Supply contract


Why (or when) someone would need this service?

We can review a standard contract provided to our client by a third party. Alternatively we can draft a contract according to a client’s specific requirements.

We can also help to negotiate changes to remove or limit risks set out in a contract.

How does the process work/what are the steps?

We will need a clear idea from the client of what they wish to achieve in the drafting, or what their particular concerns are. We will then tailor our service to meet those requirements.

How long does it take?

The length of time it can take to prepare or review a contract can vary greatly. Wherever possible we will seek to meet the timing requirements although we do need long enough to properly understand what our client wishes to achieve and how the contract may impact upon those objectives.

Is it expensive? How do the costs work?

Once we are clear about the objectives we will work within a fixed or capped budget to the first stage. Which is either to review the contract and provide a report, or to prepare the first draft. Where the amount of work is uncertain we may provide an hourly charging rate thereafter and give the best indication we can of how long the matter may take to bring to completion.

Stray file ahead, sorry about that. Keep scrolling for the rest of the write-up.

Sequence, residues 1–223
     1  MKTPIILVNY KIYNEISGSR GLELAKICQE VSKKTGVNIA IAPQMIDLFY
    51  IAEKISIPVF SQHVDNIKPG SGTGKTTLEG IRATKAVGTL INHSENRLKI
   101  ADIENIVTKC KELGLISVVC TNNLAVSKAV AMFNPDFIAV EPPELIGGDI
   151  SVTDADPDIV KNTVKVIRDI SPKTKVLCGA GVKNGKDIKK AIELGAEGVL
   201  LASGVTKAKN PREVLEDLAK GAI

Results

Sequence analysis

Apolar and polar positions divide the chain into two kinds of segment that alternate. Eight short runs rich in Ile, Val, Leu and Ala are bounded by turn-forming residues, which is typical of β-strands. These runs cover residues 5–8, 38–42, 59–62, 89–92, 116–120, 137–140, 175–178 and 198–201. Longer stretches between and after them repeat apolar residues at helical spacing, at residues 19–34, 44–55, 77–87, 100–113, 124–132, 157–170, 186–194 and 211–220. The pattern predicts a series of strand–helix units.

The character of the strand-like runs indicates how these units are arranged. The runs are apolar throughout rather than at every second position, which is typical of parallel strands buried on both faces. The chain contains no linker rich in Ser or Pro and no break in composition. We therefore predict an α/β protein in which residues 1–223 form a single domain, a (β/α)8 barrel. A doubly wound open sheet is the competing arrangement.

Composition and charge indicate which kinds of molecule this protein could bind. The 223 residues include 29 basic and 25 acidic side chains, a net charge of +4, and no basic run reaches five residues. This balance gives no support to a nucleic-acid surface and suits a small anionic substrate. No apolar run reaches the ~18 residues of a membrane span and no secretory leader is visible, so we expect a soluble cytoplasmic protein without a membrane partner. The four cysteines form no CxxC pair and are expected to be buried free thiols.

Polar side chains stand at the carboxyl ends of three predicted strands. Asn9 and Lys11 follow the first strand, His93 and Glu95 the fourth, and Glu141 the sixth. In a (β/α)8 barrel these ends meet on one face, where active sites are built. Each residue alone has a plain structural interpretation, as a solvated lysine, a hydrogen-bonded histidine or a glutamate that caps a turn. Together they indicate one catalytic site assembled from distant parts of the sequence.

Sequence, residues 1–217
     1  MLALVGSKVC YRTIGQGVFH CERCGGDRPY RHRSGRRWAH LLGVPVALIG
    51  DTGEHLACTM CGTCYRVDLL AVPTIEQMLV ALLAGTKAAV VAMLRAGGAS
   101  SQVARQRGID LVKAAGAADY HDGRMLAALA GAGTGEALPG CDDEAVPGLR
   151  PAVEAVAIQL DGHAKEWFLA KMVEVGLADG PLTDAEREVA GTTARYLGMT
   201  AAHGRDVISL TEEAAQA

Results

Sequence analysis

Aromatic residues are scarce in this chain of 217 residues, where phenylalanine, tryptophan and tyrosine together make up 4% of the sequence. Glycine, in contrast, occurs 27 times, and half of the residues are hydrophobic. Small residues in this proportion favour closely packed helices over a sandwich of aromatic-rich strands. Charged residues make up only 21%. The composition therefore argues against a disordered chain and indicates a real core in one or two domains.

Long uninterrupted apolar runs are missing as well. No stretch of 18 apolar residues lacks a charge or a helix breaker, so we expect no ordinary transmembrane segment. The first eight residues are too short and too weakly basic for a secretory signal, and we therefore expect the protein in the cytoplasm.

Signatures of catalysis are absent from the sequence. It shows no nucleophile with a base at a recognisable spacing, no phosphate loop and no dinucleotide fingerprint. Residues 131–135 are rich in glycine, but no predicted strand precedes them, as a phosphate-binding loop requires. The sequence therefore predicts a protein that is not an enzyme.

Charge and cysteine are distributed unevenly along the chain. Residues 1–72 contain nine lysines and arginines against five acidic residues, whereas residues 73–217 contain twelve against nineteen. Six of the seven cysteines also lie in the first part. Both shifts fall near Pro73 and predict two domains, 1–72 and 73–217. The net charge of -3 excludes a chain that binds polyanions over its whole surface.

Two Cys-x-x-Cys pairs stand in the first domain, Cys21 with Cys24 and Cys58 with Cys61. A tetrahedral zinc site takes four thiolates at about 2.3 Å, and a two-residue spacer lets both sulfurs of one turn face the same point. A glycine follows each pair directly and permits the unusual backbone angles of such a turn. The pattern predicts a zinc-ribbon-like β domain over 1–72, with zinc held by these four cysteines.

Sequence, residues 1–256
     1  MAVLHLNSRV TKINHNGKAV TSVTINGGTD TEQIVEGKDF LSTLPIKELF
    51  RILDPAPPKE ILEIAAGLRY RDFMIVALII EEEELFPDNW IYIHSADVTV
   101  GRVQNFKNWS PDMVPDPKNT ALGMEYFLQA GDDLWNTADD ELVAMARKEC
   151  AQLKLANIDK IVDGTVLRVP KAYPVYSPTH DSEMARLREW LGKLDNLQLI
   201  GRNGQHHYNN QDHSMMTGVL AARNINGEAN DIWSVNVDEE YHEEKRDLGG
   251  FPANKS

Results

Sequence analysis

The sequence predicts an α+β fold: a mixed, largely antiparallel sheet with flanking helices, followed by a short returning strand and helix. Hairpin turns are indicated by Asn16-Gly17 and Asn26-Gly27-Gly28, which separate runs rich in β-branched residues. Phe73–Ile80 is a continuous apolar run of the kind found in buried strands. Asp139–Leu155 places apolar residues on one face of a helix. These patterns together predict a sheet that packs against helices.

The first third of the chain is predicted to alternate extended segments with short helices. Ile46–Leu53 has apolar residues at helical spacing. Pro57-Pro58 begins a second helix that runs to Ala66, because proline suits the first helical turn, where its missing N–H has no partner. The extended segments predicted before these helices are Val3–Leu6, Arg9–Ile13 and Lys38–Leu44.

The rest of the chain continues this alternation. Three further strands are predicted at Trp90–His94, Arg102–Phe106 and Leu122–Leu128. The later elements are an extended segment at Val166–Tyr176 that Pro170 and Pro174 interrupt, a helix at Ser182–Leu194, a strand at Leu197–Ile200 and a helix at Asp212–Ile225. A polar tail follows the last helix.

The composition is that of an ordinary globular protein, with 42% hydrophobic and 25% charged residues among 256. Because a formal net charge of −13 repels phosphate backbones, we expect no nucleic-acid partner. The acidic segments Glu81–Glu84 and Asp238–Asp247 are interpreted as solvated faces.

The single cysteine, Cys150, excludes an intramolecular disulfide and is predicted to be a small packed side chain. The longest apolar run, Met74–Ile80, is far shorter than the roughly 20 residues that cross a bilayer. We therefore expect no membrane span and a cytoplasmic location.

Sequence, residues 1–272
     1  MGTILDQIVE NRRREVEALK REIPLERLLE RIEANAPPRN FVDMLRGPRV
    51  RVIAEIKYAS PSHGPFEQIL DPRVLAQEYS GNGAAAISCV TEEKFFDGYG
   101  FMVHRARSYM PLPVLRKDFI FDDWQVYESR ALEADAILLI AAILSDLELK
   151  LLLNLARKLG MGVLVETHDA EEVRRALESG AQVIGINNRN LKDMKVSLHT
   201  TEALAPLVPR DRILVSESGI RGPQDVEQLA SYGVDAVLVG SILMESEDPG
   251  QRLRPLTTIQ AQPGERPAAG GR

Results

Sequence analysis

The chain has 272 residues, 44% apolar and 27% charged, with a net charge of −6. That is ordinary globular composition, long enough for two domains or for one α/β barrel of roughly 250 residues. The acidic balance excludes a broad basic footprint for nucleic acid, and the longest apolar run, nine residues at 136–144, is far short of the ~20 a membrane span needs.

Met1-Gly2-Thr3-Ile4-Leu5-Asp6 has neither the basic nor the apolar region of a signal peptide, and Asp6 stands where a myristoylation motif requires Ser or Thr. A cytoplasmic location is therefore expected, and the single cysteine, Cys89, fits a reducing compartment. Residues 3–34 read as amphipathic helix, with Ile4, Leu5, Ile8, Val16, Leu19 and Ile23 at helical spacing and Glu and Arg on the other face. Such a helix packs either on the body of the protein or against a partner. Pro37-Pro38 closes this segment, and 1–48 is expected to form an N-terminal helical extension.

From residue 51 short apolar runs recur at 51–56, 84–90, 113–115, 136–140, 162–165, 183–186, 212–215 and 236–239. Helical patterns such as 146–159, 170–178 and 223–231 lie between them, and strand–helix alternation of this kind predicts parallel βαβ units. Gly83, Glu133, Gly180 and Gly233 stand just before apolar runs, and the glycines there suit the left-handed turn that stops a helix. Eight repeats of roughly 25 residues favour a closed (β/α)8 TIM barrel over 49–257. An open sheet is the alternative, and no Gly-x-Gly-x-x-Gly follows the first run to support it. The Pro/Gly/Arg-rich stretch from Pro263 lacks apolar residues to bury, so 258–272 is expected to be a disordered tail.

What are the things people should consider before calling?

Clients should seek to identify which risks concern them the most, for example the provisions as to payment of damages if the contract is breached, the fixed term of the contract or the calculation of the price to be paid.

Why are Grant Saw the best people for the job?

We have experience in dealing with many different contracts and will seek to understand your business and particular requirements before providing our report.

Supply contract tips

Do not expect your lawyer to tell you whether or not the contract is “alright”. Be as specific as possible about the risks which you wish to avoid because a contract really only becomes important when things go wrong.

Supply contract myth busting

What myths are there are around this area?

That if the other party has produced a standard form contract then it must be fair and reasonable. This is not necessarily the case.

Meet the Supply contract team